Aida Emelyanova – I Do Whatever You Animals Do



Aida Emelyanova is a Kazakh-Russian artist who brought her works to Lights of Soho in celebration of Frieze.

Entitled “I Do Whatever You Animals Do”, the exhibition is inspired by the role reversal of humans and animals. She has transformed herself into the animals that humans capture, objectify and kill for pleasure. As the producer, director and protagonist of the photos, you get to see Aida transforming in each photograph, as they all carry a story.

Her collection was on display for one day only at Lights of Soho and FAULT was there for a chat with the artist

How did you come up with all of this?

Initially, I wanted to put myself in the animal world and showcase female stereotypes. I tried to compare ourselves to animals and illustrate how women feel caged. So, I made a narrative behind every single photograph.


What made you feel that the best way to portray humans as animals was to choose yourself as the protagonist of the scenes?

I did the whole production by myself. I did the pictures, I even worked on the objects in the pictures. I did have other models in it at first, but the outcome was inaccurate to the idea that I had in my head. In order to get what I had in mind out there, I had to do it all by myself. It took ten times longer, but I knew how every image was going to work. I knew what expressions I wanted to get, I knew how everything was supposed to play out.


You incorporate fashion as well into your photographs. In what way do you feel that emphasizes your purpose of showing that humans can learn so much from animals on humanity and humility?

I didn’t feel like incorporating much fashion in the project, to be honest. Apart from two or three pictures, there aren’t many clothes, because you don’t get clothes in the animal kingdom but then again, I didn’t want everything to be completely nude. The purpose of the dresses and the use of fashion in this array of pictures is merely to balance them out. I tried to stay as far away as possible from fashion because it could have become confusing to the viewer.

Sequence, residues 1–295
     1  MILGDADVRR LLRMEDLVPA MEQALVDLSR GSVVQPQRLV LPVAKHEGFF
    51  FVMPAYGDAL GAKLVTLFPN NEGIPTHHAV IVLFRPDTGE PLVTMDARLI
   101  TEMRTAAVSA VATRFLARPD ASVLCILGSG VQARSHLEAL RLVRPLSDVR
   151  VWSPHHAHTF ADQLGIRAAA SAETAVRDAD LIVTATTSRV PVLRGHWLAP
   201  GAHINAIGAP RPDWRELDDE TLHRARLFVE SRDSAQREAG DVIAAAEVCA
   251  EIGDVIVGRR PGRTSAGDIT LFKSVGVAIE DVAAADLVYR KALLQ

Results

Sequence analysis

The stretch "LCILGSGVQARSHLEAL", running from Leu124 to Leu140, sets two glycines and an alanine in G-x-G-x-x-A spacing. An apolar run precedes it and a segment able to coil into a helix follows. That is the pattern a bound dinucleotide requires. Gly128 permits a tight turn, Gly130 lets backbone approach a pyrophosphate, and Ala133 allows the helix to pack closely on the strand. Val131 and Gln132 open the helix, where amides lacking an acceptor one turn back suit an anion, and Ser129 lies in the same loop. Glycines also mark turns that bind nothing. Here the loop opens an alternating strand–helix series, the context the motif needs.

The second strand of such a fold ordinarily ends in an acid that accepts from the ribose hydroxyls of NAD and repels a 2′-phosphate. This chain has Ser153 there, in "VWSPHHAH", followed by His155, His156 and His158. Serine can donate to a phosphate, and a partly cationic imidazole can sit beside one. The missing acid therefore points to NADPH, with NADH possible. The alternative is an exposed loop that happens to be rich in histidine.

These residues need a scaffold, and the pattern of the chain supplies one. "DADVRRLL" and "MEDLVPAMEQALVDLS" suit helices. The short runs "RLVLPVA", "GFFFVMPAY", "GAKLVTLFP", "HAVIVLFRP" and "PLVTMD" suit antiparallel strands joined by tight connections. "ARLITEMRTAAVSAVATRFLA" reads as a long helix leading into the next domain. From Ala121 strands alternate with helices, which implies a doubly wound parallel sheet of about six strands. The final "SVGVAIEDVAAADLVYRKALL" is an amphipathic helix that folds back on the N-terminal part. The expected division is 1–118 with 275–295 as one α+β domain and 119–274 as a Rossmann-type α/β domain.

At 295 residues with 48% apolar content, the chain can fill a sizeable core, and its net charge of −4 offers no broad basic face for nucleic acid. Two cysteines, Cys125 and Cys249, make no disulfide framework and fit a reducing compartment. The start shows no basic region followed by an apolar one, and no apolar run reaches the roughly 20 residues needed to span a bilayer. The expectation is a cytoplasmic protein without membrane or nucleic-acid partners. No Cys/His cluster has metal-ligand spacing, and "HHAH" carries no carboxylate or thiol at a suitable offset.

Aida’s show can be seen at Debut Contemporary in London at 82 Westbourne Grove.


Words: Adina Ilie

Lights of Soho opens new exhibition: Signs That Say What You Want Them To Say

Dannielle Hodson woman and the moon
On the evening of 8th of October, Lights of Soho opened their doors to welcome a new wave of neon artists.

The exhibition accurately entitled “Lights That Say What You Want Them To Say” showcased over 30 artists from around the globe. The show, curated by renowned light artist Robert Montgomery, united storytellers and poets alike.

ClusterFront - Bobby PatmoreThe gallery hosted a wide range of neon art. You had traditional approaches to neon, courtesy of Victoria Lucas, who uses art with selected subject matter that play on memory, narrative, absence and temporality. Her piece, ‘Quiet Dustis a quote taken from Bronte’s Jane Eyre and relates to the aftermath of an event and describes the eerie stillness after an encounter has taken place.

Although it may have seemed from the distance that the artworks were clustered around the gallery, all the items were connected in the subtlest way. It was a show that was deep rooted in lyrical inspiration and stories hidden beneath the bright lights.

Victoria Lucas - Quiet Dust

When talking about the exhibition, curator Robert Montgomery said that in an ideal world we would give the billboards back to the people and everyone could write their dreams in neon. Which is exactly what’s happening now at Light of Soho.

Neon Orb - Mark Beattie


Signs That Say What You Want Them To Say is open to the public until November 21st